validation

Competitors Are Not Your Enemy – Part 3 – Networking

With so many networking opportunities out there, take a minute and see which ones are doing you the most good to get a “leg up” on your competition.

Competitors Are Not Your Enemy – Part 3 – Networking

This is the third article of a three part series that discusses why “Competitors Are Not Your Enemy. Part 3 focuses on “Networking,” a low-cost activity that involves more personal commitment than company money.

Many people think of competitors as the enemy. Not necessarily true. There are ways they can help you (listed below) and today we focus on number three.

1. To help validate your business idea is worth doing.
2. To learn what and how they do things.
3. Networking methods.

In a free market, businesses start up to fulfill a demand – this is what you are doing. Take your business idea and investigate what types of networking methods are available.

Networking is about building a relationship with someone and learning if one or both of you can benefit. This is best when both of you receive some form of a benefit. There are situations when one person gets more benefits, which is okay too as long as both parties understand this.

The best networking is done physically face-to-face. You can watch body language for signs of continued interest in the discussion. If they are tuning out then time to change subjects or find another person to talk with. With technology, the face-to-face can be done with online video which is the second best. Other ways include various types of forums and blogs, which are all written communities. I suggest you include an appropriate picture whenever possible (Example: If you are a CPA, do not have a picture during a party holding a beer, you want to instill trust and this type of picture does not).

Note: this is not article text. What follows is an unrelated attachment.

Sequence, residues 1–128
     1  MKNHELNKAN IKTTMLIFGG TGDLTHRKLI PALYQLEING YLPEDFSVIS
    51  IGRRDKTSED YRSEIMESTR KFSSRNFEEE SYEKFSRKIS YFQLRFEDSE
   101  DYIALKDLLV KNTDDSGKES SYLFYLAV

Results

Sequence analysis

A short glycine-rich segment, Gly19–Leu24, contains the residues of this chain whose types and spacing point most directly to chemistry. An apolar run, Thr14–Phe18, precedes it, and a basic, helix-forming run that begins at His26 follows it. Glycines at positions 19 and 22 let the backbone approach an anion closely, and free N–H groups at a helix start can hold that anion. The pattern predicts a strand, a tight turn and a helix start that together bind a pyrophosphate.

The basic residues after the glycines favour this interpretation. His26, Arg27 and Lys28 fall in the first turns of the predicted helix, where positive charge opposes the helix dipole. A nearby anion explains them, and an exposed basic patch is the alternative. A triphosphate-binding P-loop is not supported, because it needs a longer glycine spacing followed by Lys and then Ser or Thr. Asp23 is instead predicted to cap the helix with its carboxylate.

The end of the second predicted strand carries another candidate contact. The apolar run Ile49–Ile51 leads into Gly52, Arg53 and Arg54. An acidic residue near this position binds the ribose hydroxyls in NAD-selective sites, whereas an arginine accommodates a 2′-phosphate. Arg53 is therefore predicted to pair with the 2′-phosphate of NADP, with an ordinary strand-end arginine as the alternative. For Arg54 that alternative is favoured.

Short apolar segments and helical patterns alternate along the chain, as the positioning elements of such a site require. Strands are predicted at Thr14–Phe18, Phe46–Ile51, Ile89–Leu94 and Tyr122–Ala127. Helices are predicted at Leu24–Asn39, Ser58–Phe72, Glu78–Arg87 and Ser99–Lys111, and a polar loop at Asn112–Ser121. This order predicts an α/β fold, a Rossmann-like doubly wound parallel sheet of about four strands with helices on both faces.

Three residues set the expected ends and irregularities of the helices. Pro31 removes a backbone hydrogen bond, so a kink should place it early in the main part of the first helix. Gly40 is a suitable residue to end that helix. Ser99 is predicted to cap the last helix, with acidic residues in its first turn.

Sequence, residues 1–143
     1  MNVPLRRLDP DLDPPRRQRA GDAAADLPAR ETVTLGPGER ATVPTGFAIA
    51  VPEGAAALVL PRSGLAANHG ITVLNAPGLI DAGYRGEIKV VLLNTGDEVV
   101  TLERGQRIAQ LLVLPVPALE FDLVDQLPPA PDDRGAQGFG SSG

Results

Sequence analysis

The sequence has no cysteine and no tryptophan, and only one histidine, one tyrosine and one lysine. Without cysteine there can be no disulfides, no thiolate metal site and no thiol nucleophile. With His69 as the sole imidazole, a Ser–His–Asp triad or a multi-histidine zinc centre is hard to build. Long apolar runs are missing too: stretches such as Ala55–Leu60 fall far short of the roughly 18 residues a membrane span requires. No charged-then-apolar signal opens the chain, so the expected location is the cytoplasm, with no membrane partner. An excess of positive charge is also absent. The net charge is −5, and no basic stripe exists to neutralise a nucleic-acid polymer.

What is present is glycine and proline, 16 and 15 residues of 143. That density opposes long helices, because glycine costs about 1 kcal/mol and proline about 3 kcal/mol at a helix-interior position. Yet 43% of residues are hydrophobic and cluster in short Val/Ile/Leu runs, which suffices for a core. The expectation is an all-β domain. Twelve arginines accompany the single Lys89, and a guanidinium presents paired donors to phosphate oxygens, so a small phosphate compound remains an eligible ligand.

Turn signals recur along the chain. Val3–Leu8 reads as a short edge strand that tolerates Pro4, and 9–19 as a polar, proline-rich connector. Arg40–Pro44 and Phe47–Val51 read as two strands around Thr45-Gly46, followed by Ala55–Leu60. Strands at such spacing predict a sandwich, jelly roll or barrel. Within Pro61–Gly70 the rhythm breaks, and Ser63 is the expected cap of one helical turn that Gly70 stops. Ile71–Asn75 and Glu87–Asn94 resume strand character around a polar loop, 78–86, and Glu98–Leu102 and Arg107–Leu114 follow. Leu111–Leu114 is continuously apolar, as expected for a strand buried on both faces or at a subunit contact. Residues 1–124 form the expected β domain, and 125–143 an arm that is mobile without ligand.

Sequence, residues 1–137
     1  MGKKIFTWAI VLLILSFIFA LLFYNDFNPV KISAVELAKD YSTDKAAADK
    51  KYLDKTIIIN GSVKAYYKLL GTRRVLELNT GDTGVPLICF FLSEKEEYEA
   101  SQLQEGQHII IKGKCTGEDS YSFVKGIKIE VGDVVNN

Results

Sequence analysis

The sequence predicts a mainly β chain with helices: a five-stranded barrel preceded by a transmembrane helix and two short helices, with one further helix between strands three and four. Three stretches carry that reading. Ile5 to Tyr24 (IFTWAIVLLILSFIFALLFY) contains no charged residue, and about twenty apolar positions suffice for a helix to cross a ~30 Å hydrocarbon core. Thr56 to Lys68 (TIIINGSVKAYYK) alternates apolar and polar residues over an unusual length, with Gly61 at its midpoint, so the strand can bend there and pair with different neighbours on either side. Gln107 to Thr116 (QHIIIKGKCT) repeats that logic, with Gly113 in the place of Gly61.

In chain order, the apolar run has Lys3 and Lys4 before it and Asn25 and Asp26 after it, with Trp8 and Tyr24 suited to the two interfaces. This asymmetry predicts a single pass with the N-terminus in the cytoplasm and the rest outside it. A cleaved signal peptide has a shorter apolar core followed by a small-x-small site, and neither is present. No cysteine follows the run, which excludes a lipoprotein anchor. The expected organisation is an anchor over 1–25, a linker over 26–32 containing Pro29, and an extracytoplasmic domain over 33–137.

There are a few general types of networking which can be physical and/or online meetings:

  • Local and/or national trade organizations relating to your industry.
  • Local and/or national organizations about general business.
  • On the spot opportunity.

Organizations relating to your industry

The local and/or national trade organizations relating to your industry can put you in contact with your competitors and is a great way to learn more about them on a one and one basis. Just about every industry has at least one national trade organization and some have local chapters in certain cities.

I was a partner in an Executive Suite and Secretarial service and there was a national and local chapter. The local owners and managers would meet once a month for socializing and sharing some information. There was an annual national convention with far more of both. Having and knowing our competitors helped all of us. Our location, pricing, fully occupied, or services may not meet a person’s needs so we would refer them to a competitor, and our competitors to us.

General business organizations

The organizations about general business include a Chamber of Commerce, Rotary, and numerous others. These are great to share information and find something different you can apply to your business as a Unique Value Proposition (what you do better).

On the spot

The on the spot happens when standing in line, sitting next to them, at a party, or any place people are together. You never know when you find someone doing something the same or related. Use your Elevator Introduction and monitor how well the conversation is going so not to overwhelm or bore them. They could become a supplier, customer, referral, and maybe a friend.

Remember, whether you call it networking, schmoozing or rubbing elbows, meeting and interacting with other business professionals is a cost effective way to connect with local, national and global business people that can assist you to learn about your competition as well as set up business leads to grow your business!

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